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Categorization and Coordination


  • Vessela Daskalova

    () (University of Cambridge)

  • Nicolaas J. Vriend

    () (Queen Mary University of London)


The use of coarse categories is prevalent in various situations and has been linked to biased economic outcomes, ranging from discrimination against minorities to empirical anomalies in financial markets. In this paper we study economic rationales for categorizing coarsely. We think of the way one categorizes one's past experiences as a model of the world that is used to make predictions about unobservable attributes in new situations. We first show that coarse categorization may be optimal for making predictions in stochastic environments in which an individual has a limited number of past experiences. Building on this result, and this is a key new insight from our paper, we show formally that cases in which people have a motive to coordinate their predictions with others may provide an economic rationale for categorizing coarsely. Our analysis explains the intuition behind this rationale.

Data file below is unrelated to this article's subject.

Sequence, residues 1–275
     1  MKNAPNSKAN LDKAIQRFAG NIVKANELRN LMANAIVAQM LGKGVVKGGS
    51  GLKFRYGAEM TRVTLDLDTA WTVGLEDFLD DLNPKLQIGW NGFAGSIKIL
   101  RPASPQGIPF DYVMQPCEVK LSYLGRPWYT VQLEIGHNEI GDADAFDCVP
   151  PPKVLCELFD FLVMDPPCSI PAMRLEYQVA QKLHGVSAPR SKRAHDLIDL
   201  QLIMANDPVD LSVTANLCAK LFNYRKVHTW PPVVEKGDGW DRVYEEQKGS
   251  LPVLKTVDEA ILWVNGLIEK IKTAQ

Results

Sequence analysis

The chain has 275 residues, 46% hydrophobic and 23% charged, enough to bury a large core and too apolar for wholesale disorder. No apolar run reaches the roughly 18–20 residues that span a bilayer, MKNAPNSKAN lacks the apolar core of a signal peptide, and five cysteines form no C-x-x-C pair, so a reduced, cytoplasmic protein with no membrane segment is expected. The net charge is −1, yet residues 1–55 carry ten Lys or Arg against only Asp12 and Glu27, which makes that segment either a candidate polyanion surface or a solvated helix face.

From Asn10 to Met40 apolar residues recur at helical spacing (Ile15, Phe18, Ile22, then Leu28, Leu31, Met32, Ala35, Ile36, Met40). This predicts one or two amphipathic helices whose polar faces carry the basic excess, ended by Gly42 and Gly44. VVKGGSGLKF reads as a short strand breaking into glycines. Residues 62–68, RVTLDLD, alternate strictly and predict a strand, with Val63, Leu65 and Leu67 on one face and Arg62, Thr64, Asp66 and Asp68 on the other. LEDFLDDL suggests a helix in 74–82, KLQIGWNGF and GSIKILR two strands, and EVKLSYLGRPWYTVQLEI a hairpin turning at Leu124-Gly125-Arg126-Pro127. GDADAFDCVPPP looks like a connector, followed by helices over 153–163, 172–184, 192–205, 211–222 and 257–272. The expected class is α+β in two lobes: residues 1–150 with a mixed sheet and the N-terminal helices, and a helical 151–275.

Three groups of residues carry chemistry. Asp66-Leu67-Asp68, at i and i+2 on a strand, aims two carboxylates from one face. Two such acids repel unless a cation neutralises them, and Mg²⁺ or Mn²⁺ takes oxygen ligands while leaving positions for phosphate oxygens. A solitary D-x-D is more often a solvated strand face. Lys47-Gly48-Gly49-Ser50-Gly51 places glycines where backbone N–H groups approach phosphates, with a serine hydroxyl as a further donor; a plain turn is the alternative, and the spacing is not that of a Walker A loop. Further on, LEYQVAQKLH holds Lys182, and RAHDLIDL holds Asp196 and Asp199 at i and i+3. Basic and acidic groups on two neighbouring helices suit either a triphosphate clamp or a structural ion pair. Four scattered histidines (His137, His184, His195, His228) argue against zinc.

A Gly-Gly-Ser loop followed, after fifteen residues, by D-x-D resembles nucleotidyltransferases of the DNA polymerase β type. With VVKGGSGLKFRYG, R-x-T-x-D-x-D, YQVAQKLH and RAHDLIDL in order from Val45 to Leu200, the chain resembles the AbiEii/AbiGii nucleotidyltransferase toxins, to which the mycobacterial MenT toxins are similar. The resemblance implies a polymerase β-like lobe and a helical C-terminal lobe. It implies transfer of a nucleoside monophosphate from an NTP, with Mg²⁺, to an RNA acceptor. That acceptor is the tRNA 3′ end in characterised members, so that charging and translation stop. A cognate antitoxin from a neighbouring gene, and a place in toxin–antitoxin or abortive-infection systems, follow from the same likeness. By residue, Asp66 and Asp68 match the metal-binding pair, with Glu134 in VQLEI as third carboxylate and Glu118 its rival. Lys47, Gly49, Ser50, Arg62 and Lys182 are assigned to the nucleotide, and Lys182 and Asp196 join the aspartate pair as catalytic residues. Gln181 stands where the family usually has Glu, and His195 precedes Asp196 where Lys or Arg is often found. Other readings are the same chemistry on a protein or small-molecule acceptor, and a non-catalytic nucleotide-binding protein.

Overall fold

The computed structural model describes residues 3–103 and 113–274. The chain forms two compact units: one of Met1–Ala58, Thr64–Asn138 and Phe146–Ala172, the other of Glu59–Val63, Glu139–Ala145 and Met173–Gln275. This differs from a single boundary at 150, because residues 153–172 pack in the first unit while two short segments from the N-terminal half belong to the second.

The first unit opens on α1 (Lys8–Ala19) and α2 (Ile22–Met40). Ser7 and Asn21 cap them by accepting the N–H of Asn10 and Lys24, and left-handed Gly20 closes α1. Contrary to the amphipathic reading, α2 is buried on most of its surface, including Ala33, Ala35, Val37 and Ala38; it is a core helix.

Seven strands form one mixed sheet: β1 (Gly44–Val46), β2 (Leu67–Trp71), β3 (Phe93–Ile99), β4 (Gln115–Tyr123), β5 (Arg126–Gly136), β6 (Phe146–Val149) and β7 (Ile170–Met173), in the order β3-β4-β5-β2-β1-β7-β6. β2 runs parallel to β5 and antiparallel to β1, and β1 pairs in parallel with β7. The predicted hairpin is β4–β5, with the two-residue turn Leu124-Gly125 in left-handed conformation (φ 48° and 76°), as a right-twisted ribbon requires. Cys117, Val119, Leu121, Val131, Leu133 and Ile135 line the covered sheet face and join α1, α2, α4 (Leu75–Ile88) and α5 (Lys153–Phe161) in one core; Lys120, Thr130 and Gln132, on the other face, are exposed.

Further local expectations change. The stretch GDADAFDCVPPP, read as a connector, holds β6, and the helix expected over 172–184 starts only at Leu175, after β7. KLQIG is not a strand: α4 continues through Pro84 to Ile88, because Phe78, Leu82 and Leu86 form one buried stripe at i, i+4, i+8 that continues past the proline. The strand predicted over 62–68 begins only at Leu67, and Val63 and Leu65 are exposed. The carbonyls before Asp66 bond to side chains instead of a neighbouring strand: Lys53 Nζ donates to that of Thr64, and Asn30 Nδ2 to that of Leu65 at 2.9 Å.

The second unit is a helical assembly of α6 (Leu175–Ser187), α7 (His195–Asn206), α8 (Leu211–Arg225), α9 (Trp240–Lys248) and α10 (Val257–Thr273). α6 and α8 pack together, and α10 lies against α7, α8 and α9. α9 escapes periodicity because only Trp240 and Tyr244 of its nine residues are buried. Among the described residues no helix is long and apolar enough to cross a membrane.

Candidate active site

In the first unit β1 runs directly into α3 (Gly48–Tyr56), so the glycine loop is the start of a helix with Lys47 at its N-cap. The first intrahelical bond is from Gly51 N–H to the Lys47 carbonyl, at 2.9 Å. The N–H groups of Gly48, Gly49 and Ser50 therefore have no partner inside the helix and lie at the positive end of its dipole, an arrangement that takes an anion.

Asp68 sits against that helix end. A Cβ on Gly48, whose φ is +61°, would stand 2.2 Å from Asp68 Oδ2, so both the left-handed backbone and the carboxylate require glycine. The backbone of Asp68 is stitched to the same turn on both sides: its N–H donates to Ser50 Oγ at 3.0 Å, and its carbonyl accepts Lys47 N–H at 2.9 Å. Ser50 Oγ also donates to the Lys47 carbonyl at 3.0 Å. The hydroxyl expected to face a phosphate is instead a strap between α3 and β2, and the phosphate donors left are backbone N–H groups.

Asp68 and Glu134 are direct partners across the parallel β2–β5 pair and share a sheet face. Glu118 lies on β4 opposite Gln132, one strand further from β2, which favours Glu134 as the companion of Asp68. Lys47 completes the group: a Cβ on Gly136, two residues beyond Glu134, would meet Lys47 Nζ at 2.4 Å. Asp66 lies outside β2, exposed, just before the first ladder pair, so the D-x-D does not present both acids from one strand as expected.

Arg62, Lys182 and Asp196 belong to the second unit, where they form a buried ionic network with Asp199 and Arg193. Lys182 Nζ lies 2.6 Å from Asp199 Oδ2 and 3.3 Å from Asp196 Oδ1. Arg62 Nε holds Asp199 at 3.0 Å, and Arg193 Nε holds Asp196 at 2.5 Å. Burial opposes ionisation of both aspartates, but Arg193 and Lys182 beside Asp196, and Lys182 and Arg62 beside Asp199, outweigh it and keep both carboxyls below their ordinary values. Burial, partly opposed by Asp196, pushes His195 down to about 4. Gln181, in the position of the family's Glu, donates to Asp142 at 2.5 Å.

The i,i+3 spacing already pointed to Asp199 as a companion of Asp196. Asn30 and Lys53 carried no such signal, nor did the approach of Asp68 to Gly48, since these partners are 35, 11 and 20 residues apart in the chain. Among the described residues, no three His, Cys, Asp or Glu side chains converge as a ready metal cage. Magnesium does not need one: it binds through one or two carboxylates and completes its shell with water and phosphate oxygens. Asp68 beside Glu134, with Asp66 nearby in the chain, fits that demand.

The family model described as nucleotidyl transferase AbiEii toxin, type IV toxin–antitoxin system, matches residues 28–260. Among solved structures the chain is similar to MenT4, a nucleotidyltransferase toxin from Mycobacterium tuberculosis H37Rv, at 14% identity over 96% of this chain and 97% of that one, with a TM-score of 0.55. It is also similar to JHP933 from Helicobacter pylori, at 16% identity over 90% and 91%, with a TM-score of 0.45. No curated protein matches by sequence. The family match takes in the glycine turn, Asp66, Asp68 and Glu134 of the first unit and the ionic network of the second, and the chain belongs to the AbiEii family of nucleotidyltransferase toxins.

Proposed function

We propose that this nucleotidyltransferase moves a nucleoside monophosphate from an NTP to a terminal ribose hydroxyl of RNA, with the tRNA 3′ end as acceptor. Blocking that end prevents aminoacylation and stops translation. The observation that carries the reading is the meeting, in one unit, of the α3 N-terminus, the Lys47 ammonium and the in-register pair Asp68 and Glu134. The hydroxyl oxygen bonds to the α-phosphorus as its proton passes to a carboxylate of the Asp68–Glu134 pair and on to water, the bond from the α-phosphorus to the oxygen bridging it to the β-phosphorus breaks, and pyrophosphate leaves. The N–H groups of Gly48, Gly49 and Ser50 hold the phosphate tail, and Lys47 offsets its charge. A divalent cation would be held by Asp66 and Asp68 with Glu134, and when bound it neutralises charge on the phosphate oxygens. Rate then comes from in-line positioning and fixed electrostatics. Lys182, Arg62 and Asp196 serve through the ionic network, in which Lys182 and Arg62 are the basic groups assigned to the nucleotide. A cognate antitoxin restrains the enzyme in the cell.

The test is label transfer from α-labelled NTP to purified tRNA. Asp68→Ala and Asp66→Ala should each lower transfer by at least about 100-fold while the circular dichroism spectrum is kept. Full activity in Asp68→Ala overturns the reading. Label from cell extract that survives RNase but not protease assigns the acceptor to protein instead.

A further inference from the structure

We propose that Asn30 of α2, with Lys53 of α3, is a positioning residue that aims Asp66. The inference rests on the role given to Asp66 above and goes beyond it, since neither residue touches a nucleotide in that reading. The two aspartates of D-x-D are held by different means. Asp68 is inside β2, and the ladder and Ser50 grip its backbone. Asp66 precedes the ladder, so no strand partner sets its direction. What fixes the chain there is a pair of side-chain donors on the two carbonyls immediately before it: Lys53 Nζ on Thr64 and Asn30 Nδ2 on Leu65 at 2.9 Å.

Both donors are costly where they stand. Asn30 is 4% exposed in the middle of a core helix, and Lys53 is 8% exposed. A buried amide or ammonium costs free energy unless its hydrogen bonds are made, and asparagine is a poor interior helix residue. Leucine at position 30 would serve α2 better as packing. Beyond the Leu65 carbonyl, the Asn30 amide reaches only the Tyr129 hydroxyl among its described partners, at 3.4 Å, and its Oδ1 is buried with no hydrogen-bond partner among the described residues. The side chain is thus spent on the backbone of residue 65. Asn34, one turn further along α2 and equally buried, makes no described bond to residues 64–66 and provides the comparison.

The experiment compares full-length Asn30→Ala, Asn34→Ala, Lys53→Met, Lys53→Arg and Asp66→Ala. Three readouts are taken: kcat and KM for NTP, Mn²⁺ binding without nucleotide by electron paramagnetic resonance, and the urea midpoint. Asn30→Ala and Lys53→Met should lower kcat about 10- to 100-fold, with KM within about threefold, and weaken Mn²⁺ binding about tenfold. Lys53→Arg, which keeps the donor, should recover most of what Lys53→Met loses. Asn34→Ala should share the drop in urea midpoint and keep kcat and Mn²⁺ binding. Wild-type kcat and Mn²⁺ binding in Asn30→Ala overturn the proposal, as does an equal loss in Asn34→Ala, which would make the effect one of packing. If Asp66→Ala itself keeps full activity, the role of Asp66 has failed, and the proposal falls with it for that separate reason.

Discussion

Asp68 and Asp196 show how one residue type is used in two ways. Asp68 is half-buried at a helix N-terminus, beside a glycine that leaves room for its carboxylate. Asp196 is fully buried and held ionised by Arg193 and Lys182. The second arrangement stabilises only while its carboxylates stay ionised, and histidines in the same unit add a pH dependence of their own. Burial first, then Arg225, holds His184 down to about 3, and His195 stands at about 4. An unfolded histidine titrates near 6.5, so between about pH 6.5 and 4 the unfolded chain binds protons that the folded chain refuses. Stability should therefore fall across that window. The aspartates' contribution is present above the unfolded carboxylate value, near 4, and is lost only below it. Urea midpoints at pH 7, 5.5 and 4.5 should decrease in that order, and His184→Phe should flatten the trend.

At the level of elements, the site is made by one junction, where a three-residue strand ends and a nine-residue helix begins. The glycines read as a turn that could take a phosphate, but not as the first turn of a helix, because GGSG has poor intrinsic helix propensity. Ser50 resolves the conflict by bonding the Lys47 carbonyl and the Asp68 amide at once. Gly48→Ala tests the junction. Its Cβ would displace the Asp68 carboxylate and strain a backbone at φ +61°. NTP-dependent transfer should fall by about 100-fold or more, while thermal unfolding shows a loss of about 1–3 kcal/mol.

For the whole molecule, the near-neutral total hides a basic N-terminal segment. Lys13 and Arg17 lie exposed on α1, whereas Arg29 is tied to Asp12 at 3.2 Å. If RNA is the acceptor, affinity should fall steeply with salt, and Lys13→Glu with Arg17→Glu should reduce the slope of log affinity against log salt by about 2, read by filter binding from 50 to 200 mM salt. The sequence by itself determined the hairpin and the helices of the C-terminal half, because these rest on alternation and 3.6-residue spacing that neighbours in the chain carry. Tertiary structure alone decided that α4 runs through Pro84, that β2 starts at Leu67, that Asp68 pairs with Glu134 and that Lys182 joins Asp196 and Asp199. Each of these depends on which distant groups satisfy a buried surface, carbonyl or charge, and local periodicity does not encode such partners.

Suggested Citation

  • Vessela Daskalova & Nicolaas J. Vriend, 2014. "Categorization and Coordination," Working Papers 719, Queen Mary University of London, School of Economics and Finance.
  • Handle: RePEc:qmw:qmwecw:wp719

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    References listed on IDEAS

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    More about this item


    Categorization; Prediction; Decision-making; Coordination; Learning;

    JEL classification:

    • D83 - Microeconomics - - Information, Knowledge, and Uncertainty - - - Search; Learning; Information and Knowledge; Communication; Belief; Unawareness
    • C72 - Mathematical and Quantitative Methods - - Game Theory and Bargaining Theory - - - Noncooperative Games

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